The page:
2. Corm: This underground stem grows vertically in the soil at a particular depth. It stores food materials that are synthesized in the aerial branches and become tuberous. It bears nodes and internodes. Leaves are reduced to scale leaves. The axillary buds of these scale leaves produce daughter corms. Apical bud is big and produces aerial shoot Adventitious roots normally develop from the base but sometimes also from the sides,
Example: Amorphophallus and Colocasia
Some plants like Amorphophallus corm is kept at a particular depth in the soil by some special adventitious roots called ‘contractile roots’ or ‘pull roots’.
3. Stem tuber: In some plants the branches which develop from the lower part of the stem into the soil. The apices of these underground branches store food materials and become tuberous. These are called ‘stem tubers’,
Example: Solanum tuberosum (potato), Helianthus tuberosus, Stachys tubifera.
The tuber is covered by brown colored layer. It bears many ‘eye’ like structures which represent the nodes. Each ‘eye’ possesses a semilunar leaf scar and an axillary bud in its axil. Scar represents the position of scale leaf. These stem tuber-eyes help in vegetative propagation of the plant. Stem tubers do not have roots. In potato the stem tuber stores starch. The stem tuber of Helianthus tuberosus stores ‘inulin’ and that of Stachys tubifera stores ‘stachyose’.
4. Bulb: It is a special type of underground stem. In this the stem is reduced to a biconvex shaped disc like structure. It does not store food materials. The disc bears many adventitious roots on its lower side. Many leaves develop on the upper side of the disc and grow above the soil. The leaf bases (scale leaves) store food and water and become fleshy. The axillary buds produce daughter bulbs. The terminal bud present at the center of the bulb develops into an aerial shoot producing inflorescence. Daughter bulbs help in vegetative propagation. Bulb is considered as the only underground stem which does not store food.
Depending upon the arrangement of scale leaves the bulbs are of two types.
Tunicated bulb: In this type the fleshy leaf bases or scale leaves overlap one above other in concentric circles. The entire bulb is covered by dry membranous scale leaves called ‘tunic’.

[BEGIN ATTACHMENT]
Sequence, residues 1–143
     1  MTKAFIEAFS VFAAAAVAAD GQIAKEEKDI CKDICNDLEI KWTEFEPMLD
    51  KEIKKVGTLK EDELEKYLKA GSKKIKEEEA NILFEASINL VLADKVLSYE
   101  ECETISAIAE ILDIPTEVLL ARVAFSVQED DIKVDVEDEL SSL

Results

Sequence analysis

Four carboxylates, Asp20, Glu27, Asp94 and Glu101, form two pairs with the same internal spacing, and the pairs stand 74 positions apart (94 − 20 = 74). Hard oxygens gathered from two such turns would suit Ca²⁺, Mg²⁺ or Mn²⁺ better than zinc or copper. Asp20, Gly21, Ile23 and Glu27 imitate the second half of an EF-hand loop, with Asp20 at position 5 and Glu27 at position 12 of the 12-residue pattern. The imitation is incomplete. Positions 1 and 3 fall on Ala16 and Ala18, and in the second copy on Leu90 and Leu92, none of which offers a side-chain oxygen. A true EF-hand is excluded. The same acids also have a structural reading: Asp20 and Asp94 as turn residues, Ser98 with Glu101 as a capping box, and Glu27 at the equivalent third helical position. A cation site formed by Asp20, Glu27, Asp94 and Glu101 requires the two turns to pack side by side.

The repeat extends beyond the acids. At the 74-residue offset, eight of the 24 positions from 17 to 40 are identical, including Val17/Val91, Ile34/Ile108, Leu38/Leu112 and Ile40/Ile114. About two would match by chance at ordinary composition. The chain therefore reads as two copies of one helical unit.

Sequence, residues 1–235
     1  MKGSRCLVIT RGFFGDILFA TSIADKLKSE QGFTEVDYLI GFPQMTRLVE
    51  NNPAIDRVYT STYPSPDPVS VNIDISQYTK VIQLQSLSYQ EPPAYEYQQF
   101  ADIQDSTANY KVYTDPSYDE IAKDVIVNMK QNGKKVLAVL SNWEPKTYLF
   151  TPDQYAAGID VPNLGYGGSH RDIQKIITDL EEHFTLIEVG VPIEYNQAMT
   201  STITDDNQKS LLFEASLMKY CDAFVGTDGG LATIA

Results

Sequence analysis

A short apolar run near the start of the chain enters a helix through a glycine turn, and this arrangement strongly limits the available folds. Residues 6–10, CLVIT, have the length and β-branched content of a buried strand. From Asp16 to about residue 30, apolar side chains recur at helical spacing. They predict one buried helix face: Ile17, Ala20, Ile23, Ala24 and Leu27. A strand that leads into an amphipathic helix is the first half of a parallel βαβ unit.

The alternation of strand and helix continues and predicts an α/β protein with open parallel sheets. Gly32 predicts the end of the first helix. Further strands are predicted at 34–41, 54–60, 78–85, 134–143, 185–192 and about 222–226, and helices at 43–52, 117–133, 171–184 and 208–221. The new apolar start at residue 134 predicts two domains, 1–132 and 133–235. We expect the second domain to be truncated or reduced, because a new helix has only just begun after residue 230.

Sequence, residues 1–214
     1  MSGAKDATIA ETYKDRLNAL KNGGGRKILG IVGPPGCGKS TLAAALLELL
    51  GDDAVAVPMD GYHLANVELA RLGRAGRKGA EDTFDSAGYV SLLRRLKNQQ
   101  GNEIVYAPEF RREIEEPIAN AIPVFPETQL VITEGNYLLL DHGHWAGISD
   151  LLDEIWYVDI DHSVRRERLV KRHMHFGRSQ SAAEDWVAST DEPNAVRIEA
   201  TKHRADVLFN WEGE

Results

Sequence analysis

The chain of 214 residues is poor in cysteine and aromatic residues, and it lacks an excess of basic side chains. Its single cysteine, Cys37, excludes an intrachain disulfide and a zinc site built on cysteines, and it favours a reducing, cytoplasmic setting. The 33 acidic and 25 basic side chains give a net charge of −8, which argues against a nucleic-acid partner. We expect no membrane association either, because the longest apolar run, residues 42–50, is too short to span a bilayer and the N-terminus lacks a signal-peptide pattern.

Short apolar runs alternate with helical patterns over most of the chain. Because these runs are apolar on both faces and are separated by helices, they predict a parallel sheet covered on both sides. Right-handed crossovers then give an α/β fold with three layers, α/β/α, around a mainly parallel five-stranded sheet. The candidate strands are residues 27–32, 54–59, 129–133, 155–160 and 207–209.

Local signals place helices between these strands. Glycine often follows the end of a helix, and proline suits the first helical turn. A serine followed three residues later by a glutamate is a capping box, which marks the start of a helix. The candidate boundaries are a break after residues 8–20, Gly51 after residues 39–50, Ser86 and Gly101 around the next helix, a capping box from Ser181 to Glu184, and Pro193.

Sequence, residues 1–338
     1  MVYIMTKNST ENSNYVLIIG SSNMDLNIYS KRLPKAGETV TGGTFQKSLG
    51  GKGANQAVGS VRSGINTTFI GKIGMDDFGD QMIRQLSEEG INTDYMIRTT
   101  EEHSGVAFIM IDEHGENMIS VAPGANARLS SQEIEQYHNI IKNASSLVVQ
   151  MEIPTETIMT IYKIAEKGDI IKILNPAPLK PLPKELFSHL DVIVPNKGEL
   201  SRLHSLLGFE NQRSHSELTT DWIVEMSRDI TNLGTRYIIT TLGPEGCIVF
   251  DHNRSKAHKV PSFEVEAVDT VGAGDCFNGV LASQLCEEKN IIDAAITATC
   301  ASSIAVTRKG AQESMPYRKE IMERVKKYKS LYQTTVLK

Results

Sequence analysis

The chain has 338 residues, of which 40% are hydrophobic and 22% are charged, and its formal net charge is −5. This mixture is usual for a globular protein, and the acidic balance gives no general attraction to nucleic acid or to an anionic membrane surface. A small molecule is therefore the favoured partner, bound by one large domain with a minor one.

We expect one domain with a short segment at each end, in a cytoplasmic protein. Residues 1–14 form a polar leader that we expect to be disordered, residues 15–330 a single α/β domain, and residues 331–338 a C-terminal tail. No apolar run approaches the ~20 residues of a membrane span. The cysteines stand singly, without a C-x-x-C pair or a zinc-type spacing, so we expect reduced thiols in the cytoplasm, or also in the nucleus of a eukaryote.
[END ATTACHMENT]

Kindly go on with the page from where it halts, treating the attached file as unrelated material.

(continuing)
Example: Allium cepa (onion).
Scaly bulb: It is also called ‘imbricate bulb or naked bulb’. In this the scale leaves fleshy and are loosely arranged. The whole bulb is not covered by tunic.
Example: Lilium candidum, Allium sativum (Garlic). In Allium sativum a number of fleshy scale leaves called cloves are arranged as scaly bulbs and group of such cloves are enclosed in a whitish skinny tunic.
Types and Functions of stems
Difference between Rhizome and Corm
|It is an underground stem which grows horizontally
||It is an underground stem that grows vertically
|It is dorsiventral with adventitious roots on the ventral side
||It is not dorsiventral Adventitious roots normally develop from the base
|Apical bud is small
||Apical bud is large
|Contractile roots (or pull roots) are absent
||Contractile roots (or pull roots) are present
|Example: Ginger, Turmeric
Difference between Tuberous stem and Stem tuber
|Tuberous stem is an aerial stem that stores food material
||It is a swollen tip of an underground branch
|It has roots
||It does not have roots
|It is usually green in colour
||It is brown in colour
|Byes are absent
||Eyes are present
Difference between Bulb and Bulbil
|It is a small reduced underground stem
||Itis amodified vegetative or floral bud
|It does not store food materials. The food is stored in leaf bases or scale leaves
||It stores food material
|Daughter bulbs that develop from the axillary buds grow into new plants
||Bulbils detached from the parent plant develop into individual plants
|It bears adventitious roots on the lower surface
||It does not bear adventitious roots till germination
|Example: Aillum, Lilium
||Example: Dioscorea, Agave, Globba